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On a Day Like This: Meklit Hadero

Meklit Hadero’s ascension as a popular and critically acclaimed singer-songwriter began five years ago, when she first sang in public. Born in Ethiopia and raised in numerous cities across the U.S., Hadero came to San Francisco to attend college. She landed a job at an arts-and-culture center on Folsom Street called the Red Poppy Art House, where later she became the director and started producing events. At one of those events she got up and sang cover songs for 20 minutes, after which she told a reporter that she’d known she’d always wanted to be a singer.

Hadero began writing music, formed an eight-piece, was commissioned to contribute songs for a play, garnered a TED (technology, entertainment, design) Global Fellowship, was named as artist-in-residence at the prestigious De Young Museum, and earlier this year released her debut CD, On a Day Like This. I’ve seen reviewers compare her mesmerizing space jams to Van Morrison’s Astral Weeks. I would add that Hadero has soul chops on a par with those of Nina Simone.

Meklit Hadero’s current band is rudimentary folk pop, and the songs are based on simple meters and changes that even jazzy trumpet accents fail to tart up. What makes the act brilliant is Hadero’s natural gift as a singer. Her voice is a well-oiled machine full of soul and sly intentions. Hadero’s intonation is often slippery, unpredictable, and reaches into improbable octaves that Joni Mitchell charted back in the 1970s. But the secret sauce in Hadero’s faraway vibe is a blend of world-beatish vocal textures that are natural and authentic. Hers is a culture untapped by most of her U.S. pop influences.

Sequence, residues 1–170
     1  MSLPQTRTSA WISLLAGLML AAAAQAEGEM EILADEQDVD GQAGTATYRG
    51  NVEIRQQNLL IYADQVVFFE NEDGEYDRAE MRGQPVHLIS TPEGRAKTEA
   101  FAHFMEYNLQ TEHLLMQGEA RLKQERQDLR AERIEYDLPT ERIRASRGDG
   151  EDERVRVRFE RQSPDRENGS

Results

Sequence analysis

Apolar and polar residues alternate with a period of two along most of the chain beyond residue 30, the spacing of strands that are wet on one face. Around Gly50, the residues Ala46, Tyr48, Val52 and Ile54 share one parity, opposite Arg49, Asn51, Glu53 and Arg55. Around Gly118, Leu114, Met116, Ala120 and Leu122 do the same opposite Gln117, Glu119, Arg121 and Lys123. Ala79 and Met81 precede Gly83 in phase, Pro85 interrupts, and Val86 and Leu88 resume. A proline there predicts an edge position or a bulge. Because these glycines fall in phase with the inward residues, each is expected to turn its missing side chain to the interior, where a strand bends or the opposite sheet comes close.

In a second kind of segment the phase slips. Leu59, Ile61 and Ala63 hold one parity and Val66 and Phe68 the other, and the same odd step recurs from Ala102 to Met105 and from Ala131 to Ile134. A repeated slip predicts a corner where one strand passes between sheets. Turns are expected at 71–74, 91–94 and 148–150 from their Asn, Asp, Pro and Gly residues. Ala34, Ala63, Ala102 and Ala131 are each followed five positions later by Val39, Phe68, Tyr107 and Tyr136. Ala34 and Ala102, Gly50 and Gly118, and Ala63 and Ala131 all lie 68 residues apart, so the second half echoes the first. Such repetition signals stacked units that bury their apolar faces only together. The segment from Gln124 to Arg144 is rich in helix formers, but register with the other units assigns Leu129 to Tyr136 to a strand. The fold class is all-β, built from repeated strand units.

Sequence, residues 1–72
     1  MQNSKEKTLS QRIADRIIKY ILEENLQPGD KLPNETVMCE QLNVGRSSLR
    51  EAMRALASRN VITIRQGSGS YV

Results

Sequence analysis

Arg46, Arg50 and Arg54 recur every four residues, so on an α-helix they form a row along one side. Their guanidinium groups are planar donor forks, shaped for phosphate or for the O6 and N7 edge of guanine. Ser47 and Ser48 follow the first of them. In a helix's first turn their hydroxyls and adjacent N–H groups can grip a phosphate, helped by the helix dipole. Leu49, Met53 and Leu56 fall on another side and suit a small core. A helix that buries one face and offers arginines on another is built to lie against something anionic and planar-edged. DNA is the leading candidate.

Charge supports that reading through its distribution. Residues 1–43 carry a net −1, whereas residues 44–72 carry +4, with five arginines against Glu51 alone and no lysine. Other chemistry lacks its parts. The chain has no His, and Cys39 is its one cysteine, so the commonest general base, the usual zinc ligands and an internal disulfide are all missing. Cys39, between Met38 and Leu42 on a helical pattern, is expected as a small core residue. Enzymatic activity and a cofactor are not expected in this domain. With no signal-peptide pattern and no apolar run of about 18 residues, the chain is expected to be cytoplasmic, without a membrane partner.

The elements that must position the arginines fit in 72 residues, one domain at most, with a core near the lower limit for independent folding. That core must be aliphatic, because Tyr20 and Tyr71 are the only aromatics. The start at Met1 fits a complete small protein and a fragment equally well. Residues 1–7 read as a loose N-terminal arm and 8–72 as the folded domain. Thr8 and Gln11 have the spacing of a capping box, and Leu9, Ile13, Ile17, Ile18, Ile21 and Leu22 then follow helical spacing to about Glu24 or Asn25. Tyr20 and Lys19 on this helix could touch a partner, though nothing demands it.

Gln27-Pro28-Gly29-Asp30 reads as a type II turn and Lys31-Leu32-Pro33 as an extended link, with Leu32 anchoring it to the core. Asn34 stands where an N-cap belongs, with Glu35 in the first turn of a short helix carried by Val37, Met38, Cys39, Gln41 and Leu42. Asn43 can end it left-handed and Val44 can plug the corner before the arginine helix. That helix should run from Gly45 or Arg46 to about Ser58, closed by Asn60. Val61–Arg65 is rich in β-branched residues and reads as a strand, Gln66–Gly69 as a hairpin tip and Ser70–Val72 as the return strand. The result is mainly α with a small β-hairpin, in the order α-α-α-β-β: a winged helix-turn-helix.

MEKLIT HADERO: The Loft, UCSD, Thursday, October 14, 8 p.m. 858-534-8497. $16-$26.

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Meklit Hadero’s ascension as a popular and critically acclaimed singer-songwriter began five years ago, when she first sang in public. Born in Ethiopia and raised in numerous cities across the U.S., Hadero came to San Francisco to attend college. She landed a job at an arts-and-culture center on Folsom Street called the Red Poppy Art House, where later she became the director and started producing events. At one of those events she got up and sang cover songs for 20 minutes, after which she told a reporter that she’d known she’d always wanted to be a singer.

Hadero began writing music, formed an eight-piece, was commissioned to contribute songs for a play, garnered a TED (technology, entertainment, design) Global Fellowship, was named as artist-in-residence at the prestigious De Young Museum, and earlier this year released her debut CD, On a Day Like This. I’ve seen reviewers compare her mesmerizing space jams to Van Morrison’s Astral Weeks. I would add that Hadero has soul chops on a par with those of Nina Simone.

Meklit Hadero’s current band is rudimentary folk pop, and the songs are based on simple meters and changes that even jazzy trumpet accents fail to tart up. What makes the act brilliant is Hadero’s natural gift as a singer. Her voice is a well-oiled machine full of soul and sly intentions. Hadero’s intonation is often slippery, unpredictable, and reaches into improbable octaves that Joni Mitchell charted back in the 1970s. But the secret sauce in Hadero’s faraway vibe is a blend of world-beatish vocal textures that are natural and authentic. Hers is a culture untapped by most of her U.S. pop influences.

MEKLIT HADERO: The Loft, UCSD, Thursday, October 14, 8 p.m. 858-534-8497. $16-$26.

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